Jake’s mother told her representative that she believed that ‘Jake is a fighter’ and she wants him to survive but does not want him to suffer. She said she wanted arrangements to be made so she or Jake’s father could be with him in hospital, so he was never alone.
Despite her mental impairment, the mother said she did not want Jake placed on ‘the breathing machine’ which is the ventilator, or placed on ‘the electric machine’ to restart his heart. She also said she did not want her son to undergo CPR, because this may hurt him.
So the ruling authority, Sir James Munby, stepped in:
President of the Family Division of the High Court Sir James Munby said: ‘If I may so, it is a very illuminating illustration of how somebody who has [the mother’s] limitations nonetheless understands the fundamentals here.
‘We all know what she means when she refers to “the breathing machine” and “the electric machine”, and shows that she understands the fundamental issues and is able to express a very clear view about it, which is an entirely understandable and indeed appropriate view.’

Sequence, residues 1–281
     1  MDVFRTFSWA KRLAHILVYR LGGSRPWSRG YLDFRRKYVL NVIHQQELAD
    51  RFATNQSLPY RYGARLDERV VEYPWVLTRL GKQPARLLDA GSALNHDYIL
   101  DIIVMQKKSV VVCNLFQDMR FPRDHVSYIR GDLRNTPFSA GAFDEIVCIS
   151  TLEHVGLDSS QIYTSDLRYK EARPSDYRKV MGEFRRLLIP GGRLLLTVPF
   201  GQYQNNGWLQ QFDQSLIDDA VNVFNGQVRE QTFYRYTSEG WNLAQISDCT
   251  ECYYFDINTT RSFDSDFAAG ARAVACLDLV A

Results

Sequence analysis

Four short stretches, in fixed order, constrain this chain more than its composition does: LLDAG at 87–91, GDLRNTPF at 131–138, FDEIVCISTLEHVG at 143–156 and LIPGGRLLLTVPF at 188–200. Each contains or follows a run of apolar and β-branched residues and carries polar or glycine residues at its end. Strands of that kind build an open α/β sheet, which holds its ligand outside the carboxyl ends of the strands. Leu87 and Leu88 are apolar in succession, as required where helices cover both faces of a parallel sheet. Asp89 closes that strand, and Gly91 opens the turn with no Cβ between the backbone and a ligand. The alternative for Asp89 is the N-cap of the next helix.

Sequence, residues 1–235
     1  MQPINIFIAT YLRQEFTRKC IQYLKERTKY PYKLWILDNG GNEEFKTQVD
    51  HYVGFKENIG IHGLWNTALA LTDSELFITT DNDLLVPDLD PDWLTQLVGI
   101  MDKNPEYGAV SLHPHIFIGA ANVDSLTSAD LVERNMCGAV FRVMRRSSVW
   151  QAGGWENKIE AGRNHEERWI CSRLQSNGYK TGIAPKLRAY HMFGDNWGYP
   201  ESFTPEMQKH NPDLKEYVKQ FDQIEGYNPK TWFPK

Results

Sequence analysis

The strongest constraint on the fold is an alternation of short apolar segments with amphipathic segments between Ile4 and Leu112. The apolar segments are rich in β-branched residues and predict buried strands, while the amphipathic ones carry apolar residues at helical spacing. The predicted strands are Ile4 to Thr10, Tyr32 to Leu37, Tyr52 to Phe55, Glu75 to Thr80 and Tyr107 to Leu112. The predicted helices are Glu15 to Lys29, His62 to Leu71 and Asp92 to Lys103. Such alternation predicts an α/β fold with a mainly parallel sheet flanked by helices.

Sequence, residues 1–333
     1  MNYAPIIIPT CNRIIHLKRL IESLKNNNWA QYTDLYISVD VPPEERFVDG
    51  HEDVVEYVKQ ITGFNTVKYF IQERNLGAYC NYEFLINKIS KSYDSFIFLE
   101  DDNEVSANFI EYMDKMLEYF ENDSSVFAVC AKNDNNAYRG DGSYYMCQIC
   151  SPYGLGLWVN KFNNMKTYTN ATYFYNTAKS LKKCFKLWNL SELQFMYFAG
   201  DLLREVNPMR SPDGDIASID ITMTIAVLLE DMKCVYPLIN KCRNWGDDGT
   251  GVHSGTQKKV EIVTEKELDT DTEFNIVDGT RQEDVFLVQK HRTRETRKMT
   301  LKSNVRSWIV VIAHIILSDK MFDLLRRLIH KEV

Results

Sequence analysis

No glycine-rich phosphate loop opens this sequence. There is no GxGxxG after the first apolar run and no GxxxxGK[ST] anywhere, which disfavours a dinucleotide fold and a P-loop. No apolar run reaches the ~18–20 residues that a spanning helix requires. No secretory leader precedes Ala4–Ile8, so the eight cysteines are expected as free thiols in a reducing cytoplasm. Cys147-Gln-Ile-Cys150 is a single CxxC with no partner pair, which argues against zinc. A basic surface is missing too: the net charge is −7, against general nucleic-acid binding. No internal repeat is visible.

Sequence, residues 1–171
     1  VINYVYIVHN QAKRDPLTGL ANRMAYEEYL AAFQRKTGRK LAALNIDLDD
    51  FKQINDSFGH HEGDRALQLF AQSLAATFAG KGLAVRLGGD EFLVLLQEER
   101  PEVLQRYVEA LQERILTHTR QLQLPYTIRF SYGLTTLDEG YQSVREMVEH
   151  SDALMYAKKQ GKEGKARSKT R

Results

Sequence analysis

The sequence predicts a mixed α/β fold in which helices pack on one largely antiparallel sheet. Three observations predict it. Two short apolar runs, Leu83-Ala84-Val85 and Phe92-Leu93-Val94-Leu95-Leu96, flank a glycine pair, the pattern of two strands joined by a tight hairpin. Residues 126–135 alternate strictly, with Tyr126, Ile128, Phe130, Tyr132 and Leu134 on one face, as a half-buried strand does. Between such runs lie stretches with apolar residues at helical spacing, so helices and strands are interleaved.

Sir James took comments from Jake’s mother to help himself justify letting the child die. Sir James ruled:
‘It is clear, as a matter of law, that if the primary purpose is to relieve distress, the fact that, as a side effect, medication may have the effect of shortening life does not in any way prevent treatment being lawful.’
Sir James said described the situation as ‘a desperately sad case’. He said that regardless of the difficulties of both parents, there was ‘absolutely no reason at all why their views, their wishes, their feelings should not be taken fully into account’.
However, the parents’ comments don’t seem to indicate they wanted their baby to die, so Sir James’ comments don’t align with what the parents expressed. He said:
‘The tragedy is that, even with all the miracles of modern medical science, there is distressingly little we can do.
After accepting the medical evidence, Sir James ruled that several medical interventions can be withheld in Jake’s ‘best interests’ if his condition deteriorates further.